Let's be honest, headlines about the property market in London can be overwhelming and even downright contradictory. You may find yourself wondering: how do I know what to believe? Especially if you're trying to make decisions about buying, selling, letting or investing.
Well we're here to separate fact from fiction and help you navigate through the noise.
Whether you're a prospective buyer, seller, investor, or simply curious about the state of the London property market, this will provide you with valuable insights to help you make informed decisions.
So, let's dive in and uncover the truth.
This week we're looking at the London lettings market in the first quarter of 2023.
It's true that rents have been on the rise. This is due to a mix of factors that include a limited supply of new properties available, landlords (or owners as we say) facing higher mortgage rates, would-be first time buyers staying in rented property due to higher mortgage rates, and of course, the desire to live in the capital bringing people in from outside London and abroad.
Compared to the first quarter of last year, in Q1 this year we saw nearly the same volume of new enquiries coming in - 94% to be exact - for just under 80% of the volume of available properties we had last year.
There were also nearly 40% fewer new tenancies beginning in the same time period. So why has there been such a decrease?
The answer lies with renewals. Between January to May of this year, nearly 85% of our tenancies decided to stay and renew their tenancy agreement. This means fewer properties are reaching the market.
For tenants (or residents), this will partly be due to the competitive nature of the current lettings market. But it will also be due to our approach to property. We only work with landlords who care about maintaining a high standard of property maintenance. This, in turn, means their tenants are happy, comfortable, and see the value in where they're living.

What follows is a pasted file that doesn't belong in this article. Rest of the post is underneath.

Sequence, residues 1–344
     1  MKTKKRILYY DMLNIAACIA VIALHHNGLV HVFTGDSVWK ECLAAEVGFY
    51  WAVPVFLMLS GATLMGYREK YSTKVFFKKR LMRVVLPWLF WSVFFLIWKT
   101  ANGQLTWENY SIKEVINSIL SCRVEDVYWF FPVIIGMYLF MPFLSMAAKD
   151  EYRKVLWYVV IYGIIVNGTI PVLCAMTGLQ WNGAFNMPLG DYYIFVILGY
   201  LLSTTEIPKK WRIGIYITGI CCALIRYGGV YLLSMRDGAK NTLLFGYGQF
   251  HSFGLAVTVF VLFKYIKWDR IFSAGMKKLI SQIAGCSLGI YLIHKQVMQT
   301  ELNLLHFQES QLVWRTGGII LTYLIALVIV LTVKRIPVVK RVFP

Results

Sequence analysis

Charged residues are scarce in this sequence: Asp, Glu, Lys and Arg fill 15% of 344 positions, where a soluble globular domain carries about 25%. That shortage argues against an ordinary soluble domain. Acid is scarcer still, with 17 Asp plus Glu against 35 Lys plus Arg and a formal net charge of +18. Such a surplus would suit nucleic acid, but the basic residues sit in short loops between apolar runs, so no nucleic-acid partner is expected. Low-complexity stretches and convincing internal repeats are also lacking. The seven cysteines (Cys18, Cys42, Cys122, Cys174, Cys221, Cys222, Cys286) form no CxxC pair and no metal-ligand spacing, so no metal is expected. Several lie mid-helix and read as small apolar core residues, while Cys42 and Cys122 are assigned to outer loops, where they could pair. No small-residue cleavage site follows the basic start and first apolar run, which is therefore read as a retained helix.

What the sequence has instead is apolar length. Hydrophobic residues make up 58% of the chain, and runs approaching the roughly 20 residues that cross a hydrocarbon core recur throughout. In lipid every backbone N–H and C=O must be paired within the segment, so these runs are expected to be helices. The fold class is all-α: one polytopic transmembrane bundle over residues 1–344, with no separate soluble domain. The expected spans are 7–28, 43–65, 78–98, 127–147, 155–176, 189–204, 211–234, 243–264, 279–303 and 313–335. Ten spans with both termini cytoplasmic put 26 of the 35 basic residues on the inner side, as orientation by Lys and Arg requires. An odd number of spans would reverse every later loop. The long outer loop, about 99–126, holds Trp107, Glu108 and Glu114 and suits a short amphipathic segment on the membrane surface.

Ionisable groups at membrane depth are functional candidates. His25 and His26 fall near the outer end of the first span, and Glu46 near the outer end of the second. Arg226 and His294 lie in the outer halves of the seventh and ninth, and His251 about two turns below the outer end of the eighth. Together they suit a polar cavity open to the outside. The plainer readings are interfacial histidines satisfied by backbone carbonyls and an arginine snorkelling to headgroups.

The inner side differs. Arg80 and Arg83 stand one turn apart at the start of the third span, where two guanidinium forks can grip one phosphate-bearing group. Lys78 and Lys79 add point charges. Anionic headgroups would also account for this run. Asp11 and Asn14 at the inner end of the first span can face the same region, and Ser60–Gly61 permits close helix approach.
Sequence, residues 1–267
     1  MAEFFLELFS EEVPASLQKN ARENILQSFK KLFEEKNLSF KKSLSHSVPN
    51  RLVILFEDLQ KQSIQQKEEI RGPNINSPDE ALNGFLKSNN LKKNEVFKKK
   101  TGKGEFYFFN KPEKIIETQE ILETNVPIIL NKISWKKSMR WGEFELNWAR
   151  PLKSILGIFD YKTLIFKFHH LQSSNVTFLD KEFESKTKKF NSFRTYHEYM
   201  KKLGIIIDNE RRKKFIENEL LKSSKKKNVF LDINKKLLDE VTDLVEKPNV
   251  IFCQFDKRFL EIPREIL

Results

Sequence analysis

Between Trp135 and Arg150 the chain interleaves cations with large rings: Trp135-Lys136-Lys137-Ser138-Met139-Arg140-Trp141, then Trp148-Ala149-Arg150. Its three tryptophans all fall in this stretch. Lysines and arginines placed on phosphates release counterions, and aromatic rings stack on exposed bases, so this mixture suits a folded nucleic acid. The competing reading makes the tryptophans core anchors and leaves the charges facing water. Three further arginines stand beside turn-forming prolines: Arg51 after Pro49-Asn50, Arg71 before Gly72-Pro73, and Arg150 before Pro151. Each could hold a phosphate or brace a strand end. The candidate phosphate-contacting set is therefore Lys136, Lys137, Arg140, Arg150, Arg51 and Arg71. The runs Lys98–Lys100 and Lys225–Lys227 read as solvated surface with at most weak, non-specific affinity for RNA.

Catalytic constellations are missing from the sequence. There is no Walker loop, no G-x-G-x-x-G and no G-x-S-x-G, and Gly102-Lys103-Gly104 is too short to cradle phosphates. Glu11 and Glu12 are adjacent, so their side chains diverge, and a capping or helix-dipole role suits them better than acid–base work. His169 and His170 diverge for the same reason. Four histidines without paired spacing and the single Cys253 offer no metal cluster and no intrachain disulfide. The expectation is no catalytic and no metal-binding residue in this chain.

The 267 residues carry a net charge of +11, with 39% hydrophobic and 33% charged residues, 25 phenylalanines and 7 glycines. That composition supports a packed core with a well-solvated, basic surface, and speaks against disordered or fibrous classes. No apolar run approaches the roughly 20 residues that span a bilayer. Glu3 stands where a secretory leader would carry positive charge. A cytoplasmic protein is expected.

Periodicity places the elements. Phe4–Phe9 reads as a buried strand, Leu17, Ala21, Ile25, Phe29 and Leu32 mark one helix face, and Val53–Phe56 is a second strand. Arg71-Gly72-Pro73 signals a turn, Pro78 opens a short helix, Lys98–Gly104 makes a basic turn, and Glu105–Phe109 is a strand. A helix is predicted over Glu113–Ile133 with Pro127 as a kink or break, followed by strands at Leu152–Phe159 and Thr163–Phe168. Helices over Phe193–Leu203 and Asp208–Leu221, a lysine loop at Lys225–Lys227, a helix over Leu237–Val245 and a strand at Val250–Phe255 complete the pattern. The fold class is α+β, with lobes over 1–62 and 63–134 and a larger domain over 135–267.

So unless they have the need to upsize or relocate, for example, they are highly likely to stay.
And for our landlords, our average increase in rental income upon renewal this year was 5% higher compared to Q1 last year. Based on an average rent of £1820, that equates to almost £1100 extra per annum upon renewal.
Again we want to highlight that there is a balance here for tenants too. Frequently, renewal negotiations between our landlords and tenants result in a new rent that is closer to the market value for the landlord, while tenants would still often experience rents higher on the open market.
And how do those market rents compare to last year? From January to March, rents for new tenancies were up by 11% at Paramount.
The take-home message here for landlords is that while it is true that some costs are higher (namely mortgage rates), the demand in the market is high and rental income is still outperforming inflation as long as you are following market value.
And if you have a good agent, they'll be tracking this for you.
They'll also be keeping you up to date with the latest in EPC requirements. Did you know that currently, newly let properties will need a minimum EPC rating of C or above by 2025?
This date may change, but as it stands - agents should be working with their landlords to plan ahead.
Over the next couple of months we'll be covering everything you need to know about EPCs, including why we need them, how ratings are determined, how to know if you're exempt, and much more so make sure to check back!
Lastly, because many landlords still don't know about all of the costs they can expense in their tax returns, we want to highlight the list again here in our February article.